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Cap-and-trade is a system that limits aggregate emissions from a group of emitters by setting a “cap” on maximum emissions. It is characterized as a market-based policy to reduce overall emissions of pollutants and encourage business investment in fossil fuel alternatives and energy efficiency.

In a typical program, the government first creates a “cap” on the total amount of pollutants emitters may release. By setting a maximum limit on emissions, the government then grants the right to emit pollutants through emissions allowances. An emissions allowance is a license to emit pollutants; the total number of allowances is limited by the cap. Because allowances are tradeable, bankable, and scarce, they become a price signal for the cost of emitting when companies buy and sell allowances.

Emitters are empowered to use their allowances in several ways. For instance, emitters are encouraged to design compliance programs to meet the emission reduction requirements. A compliance program typically includes the implementation of pollution controls and measures to increase energy efficiency. In addition, an emitter “bank” their allowance by choosing to hold the allowance for future use.

Alternatively, an emitter may sell their allowance to other emitters, who pay value for the right to emit. When a price for emissions is set by a market, some emitters may choose to emit less than the amount authorized by their allowance. In that situation, emitters can “trade” their excess allowances by selling them in a secondary market. The market for allowances is a hallmark of cap-and-trade: it permits the overall distribution of emissions reduction efforts to accord with market forces. In a cap-and-trade program, no single firm has a maximum limit of emissions. Rather, the cap controls the aggregate emissions freeing emitters to buy and sell allowance based on supply and demand.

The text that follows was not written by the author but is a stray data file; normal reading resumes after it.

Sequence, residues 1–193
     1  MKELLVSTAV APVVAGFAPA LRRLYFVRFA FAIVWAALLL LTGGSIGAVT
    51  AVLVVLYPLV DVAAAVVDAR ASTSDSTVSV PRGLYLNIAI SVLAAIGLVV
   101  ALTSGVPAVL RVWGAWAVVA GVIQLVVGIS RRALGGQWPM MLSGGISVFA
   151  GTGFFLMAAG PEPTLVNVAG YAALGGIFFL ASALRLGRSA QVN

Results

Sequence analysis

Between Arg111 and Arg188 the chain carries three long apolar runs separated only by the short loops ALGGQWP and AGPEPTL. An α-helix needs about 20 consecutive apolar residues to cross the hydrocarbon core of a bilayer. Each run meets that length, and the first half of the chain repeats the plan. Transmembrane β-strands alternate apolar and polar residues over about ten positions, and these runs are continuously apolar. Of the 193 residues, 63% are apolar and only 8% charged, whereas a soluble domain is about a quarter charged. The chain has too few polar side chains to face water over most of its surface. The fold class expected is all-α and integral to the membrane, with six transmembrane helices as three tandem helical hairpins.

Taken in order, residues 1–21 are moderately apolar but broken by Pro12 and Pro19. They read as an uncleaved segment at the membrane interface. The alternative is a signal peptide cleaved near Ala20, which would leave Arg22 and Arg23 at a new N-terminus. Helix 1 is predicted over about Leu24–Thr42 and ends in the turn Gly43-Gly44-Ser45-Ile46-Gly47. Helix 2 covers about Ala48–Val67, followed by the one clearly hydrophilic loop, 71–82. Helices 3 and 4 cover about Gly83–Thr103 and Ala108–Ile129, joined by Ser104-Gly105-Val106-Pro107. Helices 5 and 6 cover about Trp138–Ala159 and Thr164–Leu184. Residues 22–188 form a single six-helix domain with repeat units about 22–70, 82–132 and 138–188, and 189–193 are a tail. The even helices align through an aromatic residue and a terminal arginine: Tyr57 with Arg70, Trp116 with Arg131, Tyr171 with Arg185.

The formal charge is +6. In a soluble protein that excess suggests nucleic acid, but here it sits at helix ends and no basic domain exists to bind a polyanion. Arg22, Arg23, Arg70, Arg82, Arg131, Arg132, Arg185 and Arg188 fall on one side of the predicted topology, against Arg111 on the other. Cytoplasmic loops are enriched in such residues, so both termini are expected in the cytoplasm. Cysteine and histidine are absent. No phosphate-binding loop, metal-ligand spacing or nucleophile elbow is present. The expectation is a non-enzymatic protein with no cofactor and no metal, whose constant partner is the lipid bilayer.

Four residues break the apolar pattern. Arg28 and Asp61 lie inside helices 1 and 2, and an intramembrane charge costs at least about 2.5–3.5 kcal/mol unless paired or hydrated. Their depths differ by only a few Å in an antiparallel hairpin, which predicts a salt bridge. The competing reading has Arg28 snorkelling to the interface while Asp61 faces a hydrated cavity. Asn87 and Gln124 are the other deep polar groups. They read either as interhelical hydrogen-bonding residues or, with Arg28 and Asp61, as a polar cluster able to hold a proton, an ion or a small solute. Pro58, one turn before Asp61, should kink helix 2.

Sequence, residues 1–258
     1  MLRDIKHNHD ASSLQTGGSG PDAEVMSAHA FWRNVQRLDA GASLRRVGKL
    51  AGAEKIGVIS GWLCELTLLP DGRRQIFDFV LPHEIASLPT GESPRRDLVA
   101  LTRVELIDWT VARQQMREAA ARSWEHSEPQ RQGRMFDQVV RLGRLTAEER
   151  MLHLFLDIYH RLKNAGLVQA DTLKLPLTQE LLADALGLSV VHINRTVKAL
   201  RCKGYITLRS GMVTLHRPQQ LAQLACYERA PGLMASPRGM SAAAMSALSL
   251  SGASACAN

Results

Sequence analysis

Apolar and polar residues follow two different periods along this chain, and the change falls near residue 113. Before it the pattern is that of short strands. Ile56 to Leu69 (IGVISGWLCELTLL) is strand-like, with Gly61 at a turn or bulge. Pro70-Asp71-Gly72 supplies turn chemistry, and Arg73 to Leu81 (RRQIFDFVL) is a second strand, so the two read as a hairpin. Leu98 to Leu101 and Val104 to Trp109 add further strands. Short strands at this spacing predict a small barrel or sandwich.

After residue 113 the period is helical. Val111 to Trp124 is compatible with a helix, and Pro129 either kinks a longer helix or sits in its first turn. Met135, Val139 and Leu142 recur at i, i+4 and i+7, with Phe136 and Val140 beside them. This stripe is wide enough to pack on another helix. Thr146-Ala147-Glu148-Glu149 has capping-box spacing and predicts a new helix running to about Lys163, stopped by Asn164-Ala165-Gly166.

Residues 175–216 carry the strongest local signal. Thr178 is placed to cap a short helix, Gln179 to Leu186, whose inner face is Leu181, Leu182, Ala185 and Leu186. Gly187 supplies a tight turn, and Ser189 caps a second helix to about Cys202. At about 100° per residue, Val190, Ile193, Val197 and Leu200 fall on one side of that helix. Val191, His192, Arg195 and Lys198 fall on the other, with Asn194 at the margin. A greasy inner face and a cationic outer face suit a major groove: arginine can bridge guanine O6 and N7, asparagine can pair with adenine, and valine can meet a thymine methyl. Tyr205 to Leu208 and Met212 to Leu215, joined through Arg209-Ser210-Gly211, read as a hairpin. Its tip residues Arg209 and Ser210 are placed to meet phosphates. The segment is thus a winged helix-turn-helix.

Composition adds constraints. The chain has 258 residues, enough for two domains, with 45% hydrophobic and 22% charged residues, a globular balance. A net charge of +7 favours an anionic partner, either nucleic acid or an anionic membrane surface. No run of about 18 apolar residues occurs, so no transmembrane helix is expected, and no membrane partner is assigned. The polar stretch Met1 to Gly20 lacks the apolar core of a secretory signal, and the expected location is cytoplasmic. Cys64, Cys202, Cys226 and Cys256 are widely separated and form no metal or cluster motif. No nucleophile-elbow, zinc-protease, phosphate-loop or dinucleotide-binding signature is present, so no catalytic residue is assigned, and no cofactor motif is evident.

An emitter covered by the cap-and-trade program must conform their emissions to the amount permitted by the allowance. Emitters are generally under an obligation to completely and accurately measure and report their emissions. Otherwise, the purpose of the program–to cap emissions–is defeated.

In theory, the cap-and-trade program makes it economically rational for emitters to reduce their emissions. The benefit to low-emitters is twofold because (1) they generate greater value in their allowance by lowering their emissions and (2) generate greater value in the secondary market by the option of selling a larger allowance. In this way, a cap-and-trade program encourages business behavior through market signals (i.e., cost of emitting compared with the cost of emitting less) and not through “command and control” regulation.

The United States created its first cap-and-trade program in Title IV of the Clean Air Act Amendments of 1990 to regulate sulfur dioxide emissions through allowances. In 2005, the EPA released another cap-and-trade program through its Clean Air Interstate Rule (CAIR), which covers sulfur dioxide and nitrogen oxides. And California was the first state to issue its program with the RECLAIM Program in the South Coast Air Quality Management District.

However, the policy is controversial and has sprung numerous lawsuits in the United States. Many of the lawsuits have successfully repealed cap-and-trade laws. For instance, in North Carolina v. EPA  (2008), the D.C. Circuit struck down the EPA’s 2005 cap-and-trade program for being "arbitrary and capricious," "not otherwise in accordance with the law," and "fundamentally flawed." On the state level, California’s cap-and-trade system for carbon emissions was challenged on the basis that it improperly created a tax due to the extensive amount of revenue raised from the auction of allowances. The state appellate court found the program valid since, inter alia, the auction system was not a tax because purchasing emissions allowances is a voluntary business decision, and the allowances are valuable and tradable commodities.

Internationally, cap-and-trade has played a role in reducing emissions. Under the Kyoto Protocol, a number of United Nations member countries established a cap-and-trade program to reduce greenhouse gas emissions. The Montreal Protocol successfully implemented a cap-and-trade program to reduce ozone-depleting substances. Europe achieved greenhouse gas reductions under its cap-and-trade program. Since the European Union's Emissions Trading System capped emissions from stationary structures in 2005, emissions reduced by 29% in 2018 since the program started.

[Last updated in May of 2020 by the Wex Definitions Team]